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PostPosted: Tue Sep 03, 2019 1:03 pm 
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Joined: Sun Jun 16, 2019 8:57 am
Posts: 12
Hi folks.

I'm wondering if there are any books out there with music actually written for the uilleann pipes. As in they have the various grace notes and ornamentations marked. I'm well aware of thesession.org, but as I am brand new to learning the pipes, seeing the music clearly written as I'm intended to play it is very helpful.

I've found a few random pieces of music online, and the site uilleannpipe.com (which I'm finding extremely helpful)... but I'd really prefer some actual books. I really love having music books in my library.

Also, I do mean music collections, not tutorial books. I have the HJ Clarke tutor, and it's great, with everything written out very clearly. So yeah, more like that!

Any thoughts or suggestions?


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PostPosted: Tue Sep 03, 2019 1:49 pm 
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Joined: Wed Apr 12, 2006 4:41 am
Posts: 325
Location: North Eastern Palaearctic
There are two extremes that come to mind.

The Dance Music of Seamus Ennis. by Pay Mitchell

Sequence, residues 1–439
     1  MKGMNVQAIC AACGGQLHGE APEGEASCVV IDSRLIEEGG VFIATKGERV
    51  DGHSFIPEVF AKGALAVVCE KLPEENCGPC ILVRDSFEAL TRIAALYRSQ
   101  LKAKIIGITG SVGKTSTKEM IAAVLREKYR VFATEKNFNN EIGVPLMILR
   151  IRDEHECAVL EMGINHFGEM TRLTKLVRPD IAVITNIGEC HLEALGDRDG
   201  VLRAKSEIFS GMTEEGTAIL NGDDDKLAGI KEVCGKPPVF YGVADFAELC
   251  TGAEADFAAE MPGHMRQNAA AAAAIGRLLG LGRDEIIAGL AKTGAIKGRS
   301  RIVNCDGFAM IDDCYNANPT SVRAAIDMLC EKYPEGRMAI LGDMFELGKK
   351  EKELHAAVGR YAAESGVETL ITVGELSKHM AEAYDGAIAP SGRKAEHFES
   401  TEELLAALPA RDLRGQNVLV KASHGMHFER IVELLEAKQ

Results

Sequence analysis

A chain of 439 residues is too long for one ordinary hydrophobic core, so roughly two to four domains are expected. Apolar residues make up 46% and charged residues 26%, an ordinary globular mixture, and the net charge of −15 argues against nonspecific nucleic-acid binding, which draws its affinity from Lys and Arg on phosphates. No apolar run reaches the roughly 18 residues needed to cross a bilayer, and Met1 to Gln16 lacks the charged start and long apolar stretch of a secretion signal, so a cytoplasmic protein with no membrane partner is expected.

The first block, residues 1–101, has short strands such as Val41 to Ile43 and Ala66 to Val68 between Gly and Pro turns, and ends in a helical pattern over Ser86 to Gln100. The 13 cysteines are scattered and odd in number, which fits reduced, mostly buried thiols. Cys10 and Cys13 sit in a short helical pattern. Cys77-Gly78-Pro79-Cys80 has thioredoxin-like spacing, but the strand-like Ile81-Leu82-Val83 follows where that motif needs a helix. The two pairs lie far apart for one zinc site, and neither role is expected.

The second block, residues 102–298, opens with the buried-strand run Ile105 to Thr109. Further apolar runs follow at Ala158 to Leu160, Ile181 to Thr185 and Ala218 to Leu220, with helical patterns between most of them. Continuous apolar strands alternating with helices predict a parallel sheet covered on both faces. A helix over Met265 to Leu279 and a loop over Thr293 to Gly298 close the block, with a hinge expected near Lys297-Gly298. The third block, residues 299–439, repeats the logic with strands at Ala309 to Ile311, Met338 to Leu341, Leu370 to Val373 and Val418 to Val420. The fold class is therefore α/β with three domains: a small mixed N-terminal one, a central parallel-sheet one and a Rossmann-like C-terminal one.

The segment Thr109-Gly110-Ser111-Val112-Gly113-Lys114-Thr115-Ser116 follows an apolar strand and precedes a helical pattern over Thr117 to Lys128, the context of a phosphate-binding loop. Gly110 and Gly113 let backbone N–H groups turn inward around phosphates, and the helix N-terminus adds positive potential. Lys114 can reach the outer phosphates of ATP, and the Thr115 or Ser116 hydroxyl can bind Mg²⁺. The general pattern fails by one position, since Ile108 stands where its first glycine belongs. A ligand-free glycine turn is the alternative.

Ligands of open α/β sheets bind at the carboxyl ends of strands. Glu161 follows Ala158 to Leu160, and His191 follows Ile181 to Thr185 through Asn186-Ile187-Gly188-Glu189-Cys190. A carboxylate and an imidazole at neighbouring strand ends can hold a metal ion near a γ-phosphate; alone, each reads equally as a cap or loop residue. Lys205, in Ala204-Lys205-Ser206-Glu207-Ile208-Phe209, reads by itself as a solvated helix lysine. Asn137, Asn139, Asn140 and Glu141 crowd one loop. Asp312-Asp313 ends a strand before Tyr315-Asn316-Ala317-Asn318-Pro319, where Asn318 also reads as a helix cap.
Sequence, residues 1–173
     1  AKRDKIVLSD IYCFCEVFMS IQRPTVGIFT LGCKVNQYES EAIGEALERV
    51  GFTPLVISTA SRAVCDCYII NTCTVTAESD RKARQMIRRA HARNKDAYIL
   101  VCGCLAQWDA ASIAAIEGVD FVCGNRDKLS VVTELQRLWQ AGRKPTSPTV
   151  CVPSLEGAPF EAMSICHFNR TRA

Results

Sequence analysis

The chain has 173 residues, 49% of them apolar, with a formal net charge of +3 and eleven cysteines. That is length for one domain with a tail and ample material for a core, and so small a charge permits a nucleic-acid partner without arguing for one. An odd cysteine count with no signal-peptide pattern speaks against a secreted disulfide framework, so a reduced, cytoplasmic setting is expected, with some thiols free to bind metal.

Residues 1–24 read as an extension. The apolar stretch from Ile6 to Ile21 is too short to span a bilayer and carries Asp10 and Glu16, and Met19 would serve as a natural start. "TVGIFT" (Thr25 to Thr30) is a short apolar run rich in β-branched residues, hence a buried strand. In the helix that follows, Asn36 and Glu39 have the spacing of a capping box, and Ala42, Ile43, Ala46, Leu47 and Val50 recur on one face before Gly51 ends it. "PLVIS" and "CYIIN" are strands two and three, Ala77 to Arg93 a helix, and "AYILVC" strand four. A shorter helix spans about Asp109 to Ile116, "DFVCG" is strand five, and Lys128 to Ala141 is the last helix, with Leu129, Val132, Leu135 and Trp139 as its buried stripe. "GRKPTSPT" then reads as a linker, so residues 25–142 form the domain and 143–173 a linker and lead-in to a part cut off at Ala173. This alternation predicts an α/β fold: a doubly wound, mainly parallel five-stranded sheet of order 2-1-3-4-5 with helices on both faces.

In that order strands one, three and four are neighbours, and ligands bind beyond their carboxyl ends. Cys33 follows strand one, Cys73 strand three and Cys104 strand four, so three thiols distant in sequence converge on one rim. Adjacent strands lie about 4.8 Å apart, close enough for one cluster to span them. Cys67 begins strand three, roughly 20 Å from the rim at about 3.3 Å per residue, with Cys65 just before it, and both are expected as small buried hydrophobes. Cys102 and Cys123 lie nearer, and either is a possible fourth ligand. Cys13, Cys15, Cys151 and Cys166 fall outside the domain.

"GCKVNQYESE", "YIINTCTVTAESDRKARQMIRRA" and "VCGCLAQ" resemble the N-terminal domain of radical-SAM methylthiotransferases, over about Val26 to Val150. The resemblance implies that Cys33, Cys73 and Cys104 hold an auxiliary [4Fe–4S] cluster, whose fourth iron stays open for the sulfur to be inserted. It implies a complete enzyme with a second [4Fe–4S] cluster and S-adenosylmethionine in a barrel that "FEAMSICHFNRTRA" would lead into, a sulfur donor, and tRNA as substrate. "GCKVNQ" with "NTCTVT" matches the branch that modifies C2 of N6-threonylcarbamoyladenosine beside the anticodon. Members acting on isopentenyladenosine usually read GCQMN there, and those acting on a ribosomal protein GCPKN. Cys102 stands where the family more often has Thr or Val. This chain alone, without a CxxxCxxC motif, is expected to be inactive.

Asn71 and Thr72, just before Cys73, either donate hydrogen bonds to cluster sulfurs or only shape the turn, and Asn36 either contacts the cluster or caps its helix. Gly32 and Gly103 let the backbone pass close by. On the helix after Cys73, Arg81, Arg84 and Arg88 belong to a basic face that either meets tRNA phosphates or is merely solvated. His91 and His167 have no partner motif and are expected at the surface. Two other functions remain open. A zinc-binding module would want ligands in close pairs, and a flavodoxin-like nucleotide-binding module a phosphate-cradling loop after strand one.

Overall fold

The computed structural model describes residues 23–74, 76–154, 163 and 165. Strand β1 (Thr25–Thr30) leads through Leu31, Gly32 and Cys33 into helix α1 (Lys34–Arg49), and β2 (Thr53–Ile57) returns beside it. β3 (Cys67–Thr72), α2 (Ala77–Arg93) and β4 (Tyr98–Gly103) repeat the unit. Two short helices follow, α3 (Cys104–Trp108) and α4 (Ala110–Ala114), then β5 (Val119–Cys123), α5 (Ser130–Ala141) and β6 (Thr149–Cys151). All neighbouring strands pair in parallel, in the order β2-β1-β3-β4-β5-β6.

and

Music from The Piper's Choice. By Joe Doyle

Both published by NPU ( www.pipers.ie).

There are others too, of course, but of those, more difficult to get hold of as they are some distance from publication, or have unique tabulation of decorations used, making it more difficult to learn from.

You could create your own, transcribing favourite recordings, especially if you can read music. With that, you have the tunes you WANT to learn, and before you know it, you have a book to publish.

Of the two above, the first outlines the basic tune - with simple represented ornamentation, and then in detail gives every rest; stop; triplet; swell and variation, including regulator chords played. Not cheap.. but might suite. Its shortfall is that not all recordings are freely available.

Joe Doyle's is new, is from recordings of the past, or from his teaching to any number of learners at NPU classes. As a starter invaluable if you want to begin to learn the art of variation from the dots. Well set out, and easy to interpret... so long as you have some appreciation of how pipes are played; viz a viz open/ /tight and staccato playing 'lifts' a tune, from the dots.

hope that helps.


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PostPosted: Tue Sep 03, 2019 2:10 pm 
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Joined: Sun Jun 16, 2019 8:57 am
Posts: 12
Very helpful!

Pipewort wrote:
You could create your own, transcribing favourite recordings, especially if you can read music. With that, you have the tunes you WANT to learn, and before you know it, you have a book to publish.


This is essentially what I'm doing now with a few tunes. However, my instructor has informed me there is some heated debate as to which ornaments should be played on which notes and in which ways... so I'd hate to "offend" anyone by writing down the wrong gracenote ;)

But yeah, having actual music books is such a nice thing. I have a decent collection of Scottish piping books as well, so it will be great to add uilleann piping to them.


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